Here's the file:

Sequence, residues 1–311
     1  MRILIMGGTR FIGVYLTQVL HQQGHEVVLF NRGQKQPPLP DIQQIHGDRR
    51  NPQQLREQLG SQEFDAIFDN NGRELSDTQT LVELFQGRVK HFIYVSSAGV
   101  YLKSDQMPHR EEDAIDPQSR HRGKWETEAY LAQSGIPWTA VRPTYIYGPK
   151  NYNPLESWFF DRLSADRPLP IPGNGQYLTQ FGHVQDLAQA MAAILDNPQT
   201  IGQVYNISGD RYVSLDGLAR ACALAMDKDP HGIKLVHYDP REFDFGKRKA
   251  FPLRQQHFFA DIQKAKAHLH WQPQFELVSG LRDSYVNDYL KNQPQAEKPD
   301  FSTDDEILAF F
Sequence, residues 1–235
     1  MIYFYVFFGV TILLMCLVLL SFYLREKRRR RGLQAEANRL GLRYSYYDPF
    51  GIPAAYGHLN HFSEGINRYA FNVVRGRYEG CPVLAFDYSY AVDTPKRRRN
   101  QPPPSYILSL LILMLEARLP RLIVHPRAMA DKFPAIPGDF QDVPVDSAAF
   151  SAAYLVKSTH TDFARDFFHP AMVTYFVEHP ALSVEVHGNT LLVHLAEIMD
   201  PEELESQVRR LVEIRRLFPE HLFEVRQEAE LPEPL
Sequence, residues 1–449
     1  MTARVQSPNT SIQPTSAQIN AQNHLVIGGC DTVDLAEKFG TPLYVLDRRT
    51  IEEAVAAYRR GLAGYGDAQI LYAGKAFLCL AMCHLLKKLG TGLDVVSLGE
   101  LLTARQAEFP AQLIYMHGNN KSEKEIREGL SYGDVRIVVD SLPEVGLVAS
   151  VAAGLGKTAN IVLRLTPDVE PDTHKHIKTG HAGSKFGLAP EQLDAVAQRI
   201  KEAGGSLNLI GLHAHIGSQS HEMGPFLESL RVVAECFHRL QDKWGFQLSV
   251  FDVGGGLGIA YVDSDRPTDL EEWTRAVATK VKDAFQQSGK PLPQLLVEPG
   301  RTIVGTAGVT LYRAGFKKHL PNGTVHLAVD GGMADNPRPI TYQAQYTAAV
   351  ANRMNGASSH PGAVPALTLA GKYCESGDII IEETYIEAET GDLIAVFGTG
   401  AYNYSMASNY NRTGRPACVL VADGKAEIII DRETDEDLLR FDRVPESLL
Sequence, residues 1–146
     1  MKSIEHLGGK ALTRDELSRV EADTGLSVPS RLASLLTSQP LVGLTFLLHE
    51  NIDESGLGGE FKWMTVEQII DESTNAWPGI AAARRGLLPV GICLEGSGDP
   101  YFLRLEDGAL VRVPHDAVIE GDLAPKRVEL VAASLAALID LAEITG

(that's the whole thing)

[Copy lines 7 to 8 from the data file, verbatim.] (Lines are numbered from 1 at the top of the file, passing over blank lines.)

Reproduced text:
   251  FPLRQQHFFA DIQKAKAHLH WQPQFELVSG LRDSYVNDYL KNQPQAEKPD
   301  FSTDDEILAF F